By bypassing companies like Sabre — a move that a lot of travel management companies have traditionally opposed — agencies may risk losing out on these incentives.
(UPDATE: American Airlines has taken issue with our characterization of its initiative in this section of our article. See below for their take.)
American seems to be arguing that the functionality it provides is superior to what companies like Sabre can offer, and that that will benefit agency customers and help them drive more business by dollar volume over time.
For instance, the airline says its technology will let participating agencies sell packages of services and amenities customized for small groups of travelers, such as just for C-suite executives.
American says this functionality has never been available, via companies like Sabre or otherwise, before.
American’s Different Path to Direct
American’s bypass uses the so-called New Distribution Capability, or NDC, standards for data messaging that the airline trade group the International Air Transport Association has been pushing for some time.
American says that already a tenth of its U.S. tickets booked by travel agencies are booked directly using a more basic form of NDC standards.
In other words, 5 percent of all of American’s global bookings are never touched by any part of Amadeus, Sabre, or Travelport already today — before this latest initiative. These are pure direct between the airlines and the agencies.
American is not alone in its interest in direct distribution and NDC-standards-based interfaces. Airlines pay companies like Sabre fees that average two percent of ticket revenue, some of which agencies share. Airlines would rather not pay that fee or else have the fee paid by agencies instead.
For example, this November British Airways and Iberia will add a surcharge on tickets booked by Sabre and other third-parties, copying a move by Lufthansa. Sabre says the three airlines represent only four percent of the tech giant’s annual revenue. It adds that it is in ongoing talks with Lufthansa regarding lawsuits the airline and tech company have filed against each other over the surcharge.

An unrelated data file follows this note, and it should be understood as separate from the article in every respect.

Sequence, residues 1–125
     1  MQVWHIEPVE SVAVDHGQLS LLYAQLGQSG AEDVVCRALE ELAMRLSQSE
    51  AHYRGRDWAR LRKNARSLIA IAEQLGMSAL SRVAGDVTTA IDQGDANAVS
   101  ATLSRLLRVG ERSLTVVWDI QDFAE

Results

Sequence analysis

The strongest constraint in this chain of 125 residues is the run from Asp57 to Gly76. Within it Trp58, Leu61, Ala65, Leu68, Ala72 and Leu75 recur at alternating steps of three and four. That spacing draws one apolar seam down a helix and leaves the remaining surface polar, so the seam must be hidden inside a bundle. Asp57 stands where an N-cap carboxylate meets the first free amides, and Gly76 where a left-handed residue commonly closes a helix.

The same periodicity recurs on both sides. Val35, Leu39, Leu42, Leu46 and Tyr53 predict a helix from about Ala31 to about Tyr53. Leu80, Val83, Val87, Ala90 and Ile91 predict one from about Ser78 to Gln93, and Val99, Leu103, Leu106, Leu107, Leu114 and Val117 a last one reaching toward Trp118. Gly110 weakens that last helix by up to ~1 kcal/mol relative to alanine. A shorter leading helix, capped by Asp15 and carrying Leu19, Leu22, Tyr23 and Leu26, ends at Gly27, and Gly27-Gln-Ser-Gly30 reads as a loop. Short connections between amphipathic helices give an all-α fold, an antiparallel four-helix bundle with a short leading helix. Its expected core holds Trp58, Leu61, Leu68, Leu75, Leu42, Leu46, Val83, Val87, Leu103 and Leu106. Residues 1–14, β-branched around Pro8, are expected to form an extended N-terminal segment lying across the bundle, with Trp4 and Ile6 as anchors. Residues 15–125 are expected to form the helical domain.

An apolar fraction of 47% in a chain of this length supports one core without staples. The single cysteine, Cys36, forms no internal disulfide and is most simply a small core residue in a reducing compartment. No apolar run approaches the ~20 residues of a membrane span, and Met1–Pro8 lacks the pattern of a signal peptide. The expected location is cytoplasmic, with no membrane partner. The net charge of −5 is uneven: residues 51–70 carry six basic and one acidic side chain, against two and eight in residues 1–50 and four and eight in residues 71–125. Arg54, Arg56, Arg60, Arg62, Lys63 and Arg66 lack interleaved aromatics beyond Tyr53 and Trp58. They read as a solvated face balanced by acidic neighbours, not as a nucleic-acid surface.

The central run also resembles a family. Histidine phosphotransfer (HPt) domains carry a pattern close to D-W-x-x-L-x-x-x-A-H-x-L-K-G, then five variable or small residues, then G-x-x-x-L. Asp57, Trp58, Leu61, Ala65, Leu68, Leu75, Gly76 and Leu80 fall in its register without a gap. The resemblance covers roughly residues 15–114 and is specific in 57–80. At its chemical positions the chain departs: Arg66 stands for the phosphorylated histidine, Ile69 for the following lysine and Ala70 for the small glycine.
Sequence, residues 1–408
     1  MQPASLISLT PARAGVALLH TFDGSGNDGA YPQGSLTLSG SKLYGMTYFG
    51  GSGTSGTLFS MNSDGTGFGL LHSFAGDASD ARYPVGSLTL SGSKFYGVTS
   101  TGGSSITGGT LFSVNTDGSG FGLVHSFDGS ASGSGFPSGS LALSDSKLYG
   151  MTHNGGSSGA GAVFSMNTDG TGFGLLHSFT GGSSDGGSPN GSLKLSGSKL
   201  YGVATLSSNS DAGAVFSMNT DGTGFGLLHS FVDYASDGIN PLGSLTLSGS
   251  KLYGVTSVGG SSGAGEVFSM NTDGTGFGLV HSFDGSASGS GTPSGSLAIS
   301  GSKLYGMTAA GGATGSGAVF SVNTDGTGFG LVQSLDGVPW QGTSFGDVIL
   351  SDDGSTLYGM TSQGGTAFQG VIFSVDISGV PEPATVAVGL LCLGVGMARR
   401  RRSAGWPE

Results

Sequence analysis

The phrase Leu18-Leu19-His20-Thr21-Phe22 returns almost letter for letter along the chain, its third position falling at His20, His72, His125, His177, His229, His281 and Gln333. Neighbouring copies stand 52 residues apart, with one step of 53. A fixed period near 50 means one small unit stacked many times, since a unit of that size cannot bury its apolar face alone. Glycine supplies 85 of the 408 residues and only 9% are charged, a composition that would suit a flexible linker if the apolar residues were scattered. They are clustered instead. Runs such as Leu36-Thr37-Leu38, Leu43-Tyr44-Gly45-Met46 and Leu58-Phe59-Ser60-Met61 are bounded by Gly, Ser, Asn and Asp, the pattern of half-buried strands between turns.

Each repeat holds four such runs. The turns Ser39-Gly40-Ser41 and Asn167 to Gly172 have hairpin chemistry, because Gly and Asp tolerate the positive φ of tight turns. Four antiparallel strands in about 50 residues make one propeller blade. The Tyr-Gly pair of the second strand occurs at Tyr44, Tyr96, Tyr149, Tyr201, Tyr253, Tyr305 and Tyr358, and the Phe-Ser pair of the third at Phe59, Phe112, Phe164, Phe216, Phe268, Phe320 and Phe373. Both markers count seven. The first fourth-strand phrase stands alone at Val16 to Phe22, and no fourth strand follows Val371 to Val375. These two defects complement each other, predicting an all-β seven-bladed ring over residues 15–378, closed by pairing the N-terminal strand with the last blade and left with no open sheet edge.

American says it does not plan to slap on a surcharge on third-party bookings the way Lufthansa has done and British Airways and Iberia plan to do, according to Travel Weekly.
Simonson echoes Menke’s views by saying, “Airlines haven’t yet reckoned with the complexity that needs to be mastered to scale up direct distribution and to be able to manage the cost at every level and facet. Not every airline will want to manage the complexity or be able to scale it at a sustainable cost in a way that’s superior to what we offer.”
Back to the Future
Some industry veterans will find this news to have echoes from the past. In the mid-2000s, American made a previous attempt at cutting technology middlemen out of the distribution chain. Lawsuits flew from both sides and the global distribution systems retaliated against the airline.
Two things have changed since the mid-2000s. American is now much more profitable — and is better able to afford to take risks. Earlier this week it recorded a second quarter 2017 pre-tax profit of $1.3 billion.
Technology has also advanced significantly and become more widespread — making it more plausible for airlines and agencies to knit together all the processes that are required to make direct distribution work.
A sticking point will be fees. A travel agency that uses a Sabre, Amadeus, or Travelport system to comparison-shop will likely have to still pay a fee to the third-party vendor. Similarly, if the agency uses NDC-based technology provided by a company like Sabre or another vendor like Farelogix, it will also have to pay that vendor a fee. Details are still up in the air about how the costs will all align.
After publication, American Airlines’ Cory Garner, vice president, sales and distribution strategy at American Airlines, contacted Skift to say we mischaracterized his company’s initiative.
Garner says American is not targeting or excluding Amadeus, Sabre, or Travelport. “It is not a conflict,” he adds.
American is providing the same fares and inventory to everyone, he notes. It is not mandating that any agency participate. It will not punish agencies that choose to stay away from it. And it invites the three technology companies to find ways to accommodate its new system and mutually benefit from it.